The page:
To facilitate the exposure of the supraclavicular area, this region is approached posterior to the sternocleidomastoid muscle. The dissection begins with the removal of the fascia that still covers the posterior border of the sternocleidomastoid muscle (Fig. 4-34). It must be remembered that the fascia was dissected off the muscle up to its posterior border in a previous step of the operation (see

Erbs Point And Accessary Nerve
Figure 4-34 Dissection of the remaining fascia of the sternocleidomastoid muscle at the supraclavicular fossa (right side). SC, sternocleidomastoid muscle; F, fascia retracted laterally; PT, fibrofatty tissue of the supraclavicular fossa.

Figure 4-35 The sternocleidomastoid muscle is completely released from its surrounding fascia and is pulled medially to facilitate the dissection of the supraclavicular fossa (right side). SC, sternocleidomastoid muscle retracted medially; sn, supraclavicular branch of the cervical plexus; PT, fibrofatty tissue of the supraclavicular fossa.

Figure 4-35 The sternocleidomastoid muscle is completely released from its surrounding fascia and is pulled medially to facilitate the dissection of the supraclavicular fossa (right side). SC, sternocleidomastoid muscle retracted medially; sn, supraclavicular branch of the cervical plexus; PT, fibrofatty tissue of the supraclavicular fossa.

Dissection of the Sternocleidomastoid Muscle). The wet surgical sponges left between the anteromedial aspect of the muscle and the dissected fascia are used as a reference to complete the fascial isolation of the sternocleidomastoid muscle. Once completed, this maneuver results in a total release of the muscle from its surrounding fascia (Fig. 4-35).

The loose fibrofatty tissue of the supraclavicular fossa and the absence of well-defined dissection planes within this area make knife dissection ineffective here. Thus, for this step of the operation scissors and blunt dissection are preferred.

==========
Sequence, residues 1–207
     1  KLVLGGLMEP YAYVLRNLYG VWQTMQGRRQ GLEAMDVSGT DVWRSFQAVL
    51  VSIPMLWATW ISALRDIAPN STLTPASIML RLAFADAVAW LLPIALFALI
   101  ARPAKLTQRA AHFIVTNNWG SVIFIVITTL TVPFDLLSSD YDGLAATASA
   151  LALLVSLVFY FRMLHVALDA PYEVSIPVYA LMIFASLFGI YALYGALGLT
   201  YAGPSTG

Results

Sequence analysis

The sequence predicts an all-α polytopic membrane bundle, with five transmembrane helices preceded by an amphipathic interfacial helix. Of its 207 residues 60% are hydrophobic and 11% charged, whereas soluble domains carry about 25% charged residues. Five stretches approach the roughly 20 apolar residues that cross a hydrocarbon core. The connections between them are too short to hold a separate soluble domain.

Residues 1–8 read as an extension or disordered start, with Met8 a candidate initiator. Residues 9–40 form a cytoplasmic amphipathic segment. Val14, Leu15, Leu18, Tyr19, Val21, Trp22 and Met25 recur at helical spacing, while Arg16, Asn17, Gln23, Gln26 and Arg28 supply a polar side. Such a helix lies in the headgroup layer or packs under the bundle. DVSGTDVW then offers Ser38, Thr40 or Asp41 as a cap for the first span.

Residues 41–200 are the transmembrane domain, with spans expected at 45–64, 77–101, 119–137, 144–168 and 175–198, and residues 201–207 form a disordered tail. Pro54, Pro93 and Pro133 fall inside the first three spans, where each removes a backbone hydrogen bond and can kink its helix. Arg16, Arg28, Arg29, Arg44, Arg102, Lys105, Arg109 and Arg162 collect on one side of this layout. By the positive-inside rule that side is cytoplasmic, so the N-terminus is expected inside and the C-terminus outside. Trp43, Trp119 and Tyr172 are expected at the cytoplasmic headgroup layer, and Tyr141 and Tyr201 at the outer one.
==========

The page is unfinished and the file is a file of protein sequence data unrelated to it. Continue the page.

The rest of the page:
Some anatomical landmarks define the boundaries of the surgical field in the posterior triangle (Fig. 4-36). The inferior limit is located at the level of the clavicle. The posterior margin is clearly marked by the anterior edge of the trapezius muscle, and the upper boundary is defined by the exit of the spinal accessory nerve toward the trapezius muscle. The transverse cervical vessels and the omohyoid muscle constitute important anatomical landmarks within this area.

The sternocleidomastoid muscle is retracted anteriorly, and the external jugular vein is divided and ligated low in the neck if this was not done at a previous stage of the operation. The dissection then proceeds from the anterior border of the trapezius muscle in a medial direction including the lymphatic contents of the supraclavicular fossa. The upper margin of this area presents the greatest risk of damage to the spinal accessory nerve. The spinal accessory nerve leaves the sternocleido-mastoid muscle deep to Erb's point and descends obliquely downward and backward toward the trapezius muscle. The position of the patient's head, along with the traction exerted by the surgeon during the dissection may displace the nerve from its original course, creating a slight anterior curvature where the nerve may be inadvertently damaged. Displacement of the nerve is due to its connections with the second, third, and fourth cervical nerves. During the dissection of this region several supraclavicular branches of the cervical plexus may be found. They follow a similar course but are located superficial to the spinal accessory nerve (Fig. 4-37). Although the difference between the eleventh nerve and the supraclavicular branches is easily noticed, the novice surgeon may sometimes find this to be difficult.